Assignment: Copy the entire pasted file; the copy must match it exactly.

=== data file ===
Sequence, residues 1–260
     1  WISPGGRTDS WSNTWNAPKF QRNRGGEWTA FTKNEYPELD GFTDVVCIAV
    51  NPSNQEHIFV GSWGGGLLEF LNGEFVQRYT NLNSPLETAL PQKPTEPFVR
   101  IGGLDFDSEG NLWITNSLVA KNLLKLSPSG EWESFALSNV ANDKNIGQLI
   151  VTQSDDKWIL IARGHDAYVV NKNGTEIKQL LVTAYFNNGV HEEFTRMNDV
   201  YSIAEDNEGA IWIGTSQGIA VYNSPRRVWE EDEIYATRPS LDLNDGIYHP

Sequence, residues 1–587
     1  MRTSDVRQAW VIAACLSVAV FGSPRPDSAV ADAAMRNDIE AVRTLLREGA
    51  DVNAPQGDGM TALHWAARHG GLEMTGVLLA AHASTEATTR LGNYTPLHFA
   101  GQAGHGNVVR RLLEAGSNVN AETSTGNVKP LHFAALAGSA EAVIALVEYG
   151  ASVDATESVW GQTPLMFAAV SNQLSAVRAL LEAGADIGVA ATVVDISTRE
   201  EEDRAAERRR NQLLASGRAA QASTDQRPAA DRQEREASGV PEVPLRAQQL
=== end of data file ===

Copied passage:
Sequence, residues 1–260
     1  WISPGGRTDS WSNTWNAPKF QRNRGGEWTA FTKNEYPELD GFTDVVCIAV
    51  NPSNQEHIFV GSWGGGLLEF LNGEFVQRYT NLNSPLETAL PQKPTEPFVR
   101  IGGLDFDSEG NLWITNSLVA KNLLKLSPSG EWESFALSNV ANDKNIGQLI
   151  VTQSDDKWIL IARGHDAYVV NKNGTEIKQL LVTAYFNNGV HEEFTRMNDV
   201  YSIAEDNEGA IWIGTSQGIA VYNSPRRVWE EDEIYATRPS LDLNDGIYHP

Sequence, residues 1–587
     1  MRTSDVRQAW VIAACLSVAV FGSPRPDSAV ADAAMRNDIE AVRTLLREGA
    51  DVNAPQGDGM TALHWAARHG GLEMTGVLLA AHASTEATTR LGNYTPLHFA
   101  GQAGHGNVVR RLLEAGSNVN AETSTGNVKP LHFAALAGSA EAVIALVEYG
   151  ASVDATESVW GQTPLMFAAV SNQLSAVRAL LEAGADIGVA ATVVDISTRE
   201  EEDRAAERRR NQLLASGRAA QASTDQRPAA DRQEREASGV PEVPLRAQQL